So the key to all of Scott’s advice is to just keep you moving forward, one small step at a time, to get you through the trough and out the other side where your idea is finally a reality. To do this, it takes dozens of small actions. Focusing on these actions is the key principal in “The Action Method” – Scott’s big idea on how to do this.
Most other productivity books I’ve read have talked about the motivation and less about the mechanics of getting it done, but Scott is quite prescriptive. For example:
Organise your whole life into “Projects”. Not just work projects. Not just side projects. Even mundane things like “grocery shopping” and “remember to call mum” go into a project. He isn’t prescriptive about where to store your projects, but I’ve used Trello. I have one Trello board for my whole life. The lists I use are “Home Admin”, “Personal and Social”, “myEd”, “Enthraler”, and “Model School”.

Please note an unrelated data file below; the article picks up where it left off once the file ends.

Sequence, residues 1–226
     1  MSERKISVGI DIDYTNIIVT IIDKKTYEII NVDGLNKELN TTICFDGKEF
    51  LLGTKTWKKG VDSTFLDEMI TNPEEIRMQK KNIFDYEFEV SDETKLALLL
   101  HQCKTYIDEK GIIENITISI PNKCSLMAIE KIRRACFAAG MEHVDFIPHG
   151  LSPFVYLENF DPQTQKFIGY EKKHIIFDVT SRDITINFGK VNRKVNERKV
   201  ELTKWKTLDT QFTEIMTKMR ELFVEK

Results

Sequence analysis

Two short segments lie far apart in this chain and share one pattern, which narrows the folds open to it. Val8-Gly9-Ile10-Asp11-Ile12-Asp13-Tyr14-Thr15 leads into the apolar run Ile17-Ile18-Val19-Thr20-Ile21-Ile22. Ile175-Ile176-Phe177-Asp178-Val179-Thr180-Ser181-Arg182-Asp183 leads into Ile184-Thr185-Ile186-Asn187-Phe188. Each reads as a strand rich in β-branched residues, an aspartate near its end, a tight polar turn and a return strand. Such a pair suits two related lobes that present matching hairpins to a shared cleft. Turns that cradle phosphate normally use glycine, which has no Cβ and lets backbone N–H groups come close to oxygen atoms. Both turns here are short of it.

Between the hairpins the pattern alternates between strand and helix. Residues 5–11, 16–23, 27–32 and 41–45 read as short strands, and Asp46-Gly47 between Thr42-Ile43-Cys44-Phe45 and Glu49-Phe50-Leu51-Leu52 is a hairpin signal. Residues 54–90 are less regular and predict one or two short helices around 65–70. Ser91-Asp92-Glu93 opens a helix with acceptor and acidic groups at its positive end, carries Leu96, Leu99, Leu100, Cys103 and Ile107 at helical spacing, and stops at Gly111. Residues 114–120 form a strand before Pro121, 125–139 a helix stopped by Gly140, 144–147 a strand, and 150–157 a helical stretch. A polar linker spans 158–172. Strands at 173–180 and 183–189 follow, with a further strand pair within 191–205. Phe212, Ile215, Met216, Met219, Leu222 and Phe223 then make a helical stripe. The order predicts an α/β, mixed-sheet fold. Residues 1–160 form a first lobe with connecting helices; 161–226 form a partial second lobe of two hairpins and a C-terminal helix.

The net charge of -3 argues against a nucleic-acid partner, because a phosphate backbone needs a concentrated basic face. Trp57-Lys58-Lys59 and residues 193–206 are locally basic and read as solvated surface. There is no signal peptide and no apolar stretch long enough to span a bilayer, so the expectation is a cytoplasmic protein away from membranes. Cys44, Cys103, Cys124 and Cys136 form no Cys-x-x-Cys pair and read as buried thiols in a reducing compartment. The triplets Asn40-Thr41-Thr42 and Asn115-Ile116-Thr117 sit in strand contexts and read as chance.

Each project has 3 types of things you can store:
Action Steps – literally, a specific action you can take to move the project forward. The first word should be a verb: “Create nice styling for multi-choice component and upload to Github”. Or “Read through things Cassie sent me and send through feedback”. My friend Stephen had an interesting take on this, going one step further and having a super specific first step in the action. “Open gmail, read through the docs Frank sent me…”. The trick here is to make it so obvious what the next step looks like, so whenever you have half an hour to work on something, you can easily pick an action step, start it, and push a project forward.